In the case of the Sri Lanka Rupavahini Coroporation Act, certainoffences are set out in section 30 (1). Any person found guilty ofsuch offence and convicted by Court, would have been liable to havea licence granted to him under section 28 cancelled by Court, if therewere rules framed under section 31 to that effect. However there arenone.
In the alternative, the Minister could have amended section 28 ofthe Act. In fact, steps had been taken in that direction by the SriLanka Broadcasting Authority Bill, (vide section 7 (7) and section 13in the 3rd schedule of that Bill) which was held to be unconstitutionalby the Supreme Court.
It is the submission of learned counsel that in the absence of anypowers conferred on the Minister by statute or other provisions oflaw, the Minister could not have issued the amended charge-sheetappended to P7, nor appointed the 3rd respondent to inquire intothose charges..
Sri Lanka Law Reports
(1998) 2 Sri LR.
Learned D.S.G on the other hand argued that the petitioner hadonly a "privilege” and not a 'right1 under section 28 of the Act to alicence, which the Minister could withdraw at his discretion. If whatthe learned D.S.G states is correct, such an intention should havebeen expressly stated in licences P26 and P27. Even though theMinister has reserved the right to impose other conditions from timeto time, no conditions which render the petitioner liable to be chargedfor any breach or cancellation/withdrawal of the licence, have beenincorporated in either P26 and P27. It would be a preposterous fora Minister to claim, that the licence which was issued to the petitionerwas a. privilege, which could be withdrawn at his whim and fancy.The petitioner has invested large sums of money in establishing anddeveloping the Television Broadcasting Station. The least the petitionerwould expect is a fair trial in a Court of Law for offences set outin the Sri Lanka Rupavahini Corporation Act or regulations framedthereunder prior to the cancellation of the licence issued to him.
Other statutes have provided for the cancellation of licences forspecific reasons. For example, section 27 (1) of the Excise Ordinanceprovides, that subject to such restrictions as the Minister mayprescribe, the authority granting any licence permit, pass under thisOrdinance may cancel or suspend it … , (b) in the event of anybreach by the holder of such licence, permit or pass . . ."(c) If theholder thereof is convicted of any offence under this Ordinance, orany other law for the time being in force relating to revenue . . .“.In the Telecommunications Ordinance, section 11 grants the Telecom-munication Authority the power to revoke and determine any licencegranted for the installation, etc., of any telegraph or the importation,possession, etc., of wireless telegraphy apparatus, for the breach ofany conditions contained therein.
Similarly, other statutory provisions permit an authority to appointan inquirer before any disciplinary action may be taken against another.Thus section 277 (1A) of the Municipal Councils Ordinance grantsthe Minister the power to appoint a retired judicial officer to inquireinto and report upon the matters set out therein before taking actionunder section 277 (1) to remove a mayor, councillors or dissolve aCouncil.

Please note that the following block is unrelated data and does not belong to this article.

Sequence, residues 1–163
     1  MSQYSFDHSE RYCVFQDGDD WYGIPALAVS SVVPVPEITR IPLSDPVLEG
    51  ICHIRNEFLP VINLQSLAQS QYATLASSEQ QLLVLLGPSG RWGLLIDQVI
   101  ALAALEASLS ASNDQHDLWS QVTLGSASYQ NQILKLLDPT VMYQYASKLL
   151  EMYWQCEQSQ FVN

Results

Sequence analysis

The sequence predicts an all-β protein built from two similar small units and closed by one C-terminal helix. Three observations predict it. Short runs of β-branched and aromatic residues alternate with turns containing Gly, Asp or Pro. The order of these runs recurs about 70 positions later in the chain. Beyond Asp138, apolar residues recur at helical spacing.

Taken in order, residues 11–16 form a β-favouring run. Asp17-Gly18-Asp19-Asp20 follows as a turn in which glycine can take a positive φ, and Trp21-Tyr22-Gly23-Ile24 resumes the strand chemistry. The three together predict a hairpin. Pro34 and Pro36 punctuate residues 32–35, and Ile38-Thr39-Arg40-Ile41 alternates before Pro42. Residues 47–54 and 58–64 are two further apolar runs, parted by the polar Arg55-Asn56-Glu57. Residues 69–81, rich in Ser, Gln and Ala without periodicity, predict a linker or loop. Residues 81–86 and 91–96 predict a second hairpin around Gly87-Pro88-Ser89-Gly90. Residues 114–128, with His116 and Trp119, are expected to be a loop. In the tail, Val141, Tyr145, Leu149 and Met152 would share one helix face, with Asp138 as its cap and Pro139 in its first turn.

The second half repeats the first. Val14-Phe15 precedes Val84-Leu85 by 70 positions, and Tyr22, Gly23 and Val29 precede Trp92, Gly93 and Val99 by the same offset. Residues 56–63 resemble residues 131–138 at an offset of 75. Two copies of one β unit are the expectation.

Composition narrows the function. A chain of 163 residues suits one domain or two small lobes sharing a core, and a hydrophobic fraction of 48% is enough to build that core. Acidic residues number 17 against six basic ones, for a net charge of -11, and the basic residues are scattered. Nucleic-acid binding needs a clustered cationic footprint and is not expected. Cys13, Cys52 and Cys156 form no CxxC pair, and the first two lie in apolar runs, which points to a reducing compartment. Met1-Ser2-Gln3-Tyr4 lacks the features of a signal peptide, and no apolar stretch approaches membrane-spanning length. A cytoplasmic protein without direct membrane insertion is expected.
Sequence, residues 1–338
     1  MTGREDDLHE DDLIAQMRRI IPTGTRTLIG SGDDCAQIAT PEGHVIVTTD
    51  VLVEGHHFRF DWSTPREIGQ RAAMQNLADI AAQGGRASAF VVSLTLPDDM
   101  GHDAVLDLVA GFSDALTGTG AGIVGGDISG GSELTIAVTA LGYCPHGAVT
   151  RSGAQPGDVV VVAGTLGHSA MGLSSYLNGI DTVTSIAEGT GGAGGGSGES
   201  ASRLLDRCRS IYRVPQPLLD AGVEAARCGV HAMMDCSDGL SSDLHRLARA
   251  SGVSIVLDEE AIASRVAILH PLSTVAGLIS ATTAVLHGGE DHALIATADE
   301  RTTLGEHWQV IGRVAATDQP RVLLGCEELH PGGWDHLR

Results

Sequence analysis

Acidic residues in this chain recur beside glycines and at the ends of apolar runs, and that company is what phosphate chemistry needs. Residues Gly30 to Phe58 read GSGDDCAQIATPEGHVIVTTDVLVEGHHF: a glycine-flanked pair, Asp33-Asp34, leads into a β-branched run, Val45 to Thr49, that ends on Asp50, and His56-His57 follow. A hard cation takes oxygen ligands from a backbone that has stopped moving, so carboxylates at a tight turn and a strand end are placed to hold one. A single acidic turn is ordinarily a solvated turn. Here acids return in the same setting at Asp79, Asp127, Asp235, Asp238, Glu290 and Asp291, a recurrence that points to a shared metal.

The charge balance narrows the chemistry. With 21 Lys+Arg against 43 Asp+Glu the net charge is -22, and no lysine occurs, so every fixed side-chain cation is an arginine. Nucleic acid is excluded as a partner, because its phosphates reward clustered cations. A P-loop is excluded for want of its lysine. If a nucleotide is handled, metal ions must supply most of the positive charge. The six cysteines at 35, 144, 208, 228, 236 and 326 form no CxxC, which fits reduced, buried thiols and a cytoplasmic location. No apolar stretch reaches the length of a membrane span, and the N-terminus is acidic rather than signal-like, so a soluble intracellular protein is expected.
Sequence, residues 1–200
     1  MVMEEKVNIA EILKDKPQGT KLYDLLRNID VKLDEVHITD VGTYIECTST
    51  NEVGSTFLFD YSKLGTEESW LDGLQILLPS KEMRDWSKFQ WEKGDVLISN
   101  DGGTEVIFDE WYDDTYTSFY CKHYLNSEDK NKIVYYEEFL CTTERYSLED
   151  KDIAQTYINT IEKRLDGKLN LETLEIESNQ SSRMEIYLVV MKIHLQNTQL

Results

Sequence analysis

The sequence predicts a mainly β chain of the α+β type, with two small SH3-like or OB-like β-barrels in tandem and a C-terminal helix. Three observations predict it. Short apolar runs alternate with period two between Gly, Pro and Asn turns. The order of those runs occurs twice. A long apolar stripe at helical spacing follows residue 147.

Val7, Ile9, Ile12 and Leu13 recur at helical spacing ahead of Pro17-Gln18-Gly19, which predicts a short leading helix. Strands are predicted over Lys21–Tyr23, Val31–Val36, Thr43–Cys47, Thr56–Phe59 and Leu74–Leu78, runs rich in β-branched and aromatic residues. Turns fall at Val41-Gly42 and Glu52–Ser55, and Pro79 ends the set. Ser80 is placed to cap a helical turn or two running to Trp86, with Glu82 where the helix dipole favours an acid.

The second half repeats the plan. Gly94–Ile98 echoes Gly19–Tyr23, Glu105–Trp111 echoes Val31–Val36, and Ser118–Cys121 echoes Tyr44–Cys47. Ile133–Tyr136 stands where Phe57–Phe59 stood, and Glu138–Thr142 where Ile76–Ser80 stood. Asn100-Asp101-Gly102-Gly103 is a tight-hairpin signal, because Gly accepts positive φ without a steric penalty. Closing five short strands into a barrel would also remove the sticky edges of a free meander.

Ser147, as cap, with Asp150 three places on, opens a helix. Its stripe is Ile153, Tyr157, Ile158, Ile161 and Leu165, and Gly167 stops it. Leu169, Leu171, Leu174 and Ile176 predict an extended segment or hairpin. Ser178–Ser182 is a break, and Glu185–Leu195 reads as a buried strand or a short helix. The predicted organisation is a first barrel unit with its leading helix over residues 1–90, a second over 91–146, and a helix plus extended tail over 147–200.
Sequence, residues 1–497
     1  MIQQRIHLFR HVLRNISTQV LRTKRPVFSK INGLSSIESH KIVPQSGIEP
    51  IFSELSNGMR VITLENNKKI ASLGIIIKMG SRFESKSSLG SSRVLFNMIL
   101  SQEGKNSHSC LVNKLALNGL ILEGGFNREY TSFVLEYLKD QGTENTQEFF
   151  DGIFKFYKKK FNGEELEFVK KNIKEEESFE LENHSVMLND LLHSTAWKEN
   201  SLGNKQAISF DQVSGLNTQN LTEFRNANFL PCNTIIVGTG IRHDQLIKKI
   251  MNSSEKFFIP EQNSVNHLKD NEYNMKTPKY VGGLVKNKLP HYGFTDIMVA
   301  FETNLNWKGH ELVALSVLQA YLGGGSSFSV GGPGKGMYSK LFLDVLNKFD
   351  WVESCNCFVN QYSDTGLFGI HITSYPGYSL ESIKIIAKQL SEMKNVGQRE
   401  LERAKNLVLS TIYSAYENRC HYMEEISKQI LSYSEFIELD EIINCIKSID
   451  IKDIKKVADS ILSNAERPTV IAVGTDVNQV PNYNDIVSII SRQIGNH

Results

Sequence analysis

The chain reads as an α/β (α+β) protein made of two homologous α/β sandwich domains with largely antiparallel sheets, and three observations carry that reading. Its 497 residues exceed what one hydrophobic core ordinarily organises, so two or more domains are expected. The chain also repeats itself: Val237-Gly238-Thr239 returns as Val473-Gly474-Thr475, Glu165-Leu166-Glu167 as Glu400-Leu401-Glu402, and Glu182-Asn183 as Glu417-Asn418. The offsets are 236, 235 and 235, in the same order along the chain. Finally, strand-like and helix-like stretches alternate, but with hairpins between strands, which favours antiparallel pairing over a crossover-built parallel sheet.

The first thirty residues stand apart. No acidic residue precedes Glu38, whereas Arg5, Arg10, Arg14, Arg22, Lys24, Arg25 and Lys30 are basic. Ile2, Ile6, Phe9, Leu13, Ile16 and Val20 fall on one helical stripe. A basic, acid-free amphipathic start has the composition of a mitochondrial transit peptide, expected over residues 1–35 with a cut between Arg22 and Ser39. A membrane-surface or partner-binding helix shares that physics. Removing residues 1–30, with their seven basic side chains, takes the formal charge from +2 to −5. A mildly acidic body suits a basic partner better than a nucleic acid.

All the statutes referred to, have expressly provided for the powerand procedure to be followed by an authority before he/she coulddeprive another of a licence or remove him from office.
CAWickramasinghe and Another v. Senanayake,- Minister
of Media, Tourism and Aviation and Others (Dr. Raparaja, J.)145
“Any administrative act or order which is ultra vires or outsidejurisdiction is void in law, ie: deprived of legal effect. This is becausein order to be valid it need statutory authorisation, and if it is notwithin the powers given by the :'Act, it has no legal leg to stand on.The Court will then quash it or declare it to be. unlawful or prohibitany action to enforce it. … an act found to be. outside jurisdiction(ultra vires) is void and a nullity, being destitute of the statutoryauthority without which it is nothing." Wade & Forsyth – AdministrativeLaw. 7th ed., p. 43.
The learned D.S.G was unable to point to any section the Sri LankaRupavahini Corporation Act or any regulation framed under the pro:visions of that Act, which enables the 1st respondent Minister or the2nd respondent Secretary to the Ministry, to cause the 3rd respondentto hold an inquiry into the amended charges appended to letter P7.The acts of the 1st and 2nd respondents, in serving a charge-sheeton the petitioner and appointing the 3rd respondent to hold an inquiry,are not within their statutory powers and therefore void in law anda nullity.
Accordingly, I issue Writs of Prohibition, (a) prohibiting the 1stand/or 2nd respondent from causing an inquiry to be held into theamended charges appended to P7, (b) prohibiting the 3rd respondentfrom holding the inquiry into the said charges.
The application is allowed in terms of prayers (b), (c) and (d) tothe petition without costs.
WICKRAMASINGHE AND ANOTHER v. SENANAYAKE ,MINISTER OF MEDIA ,TOURISM AND A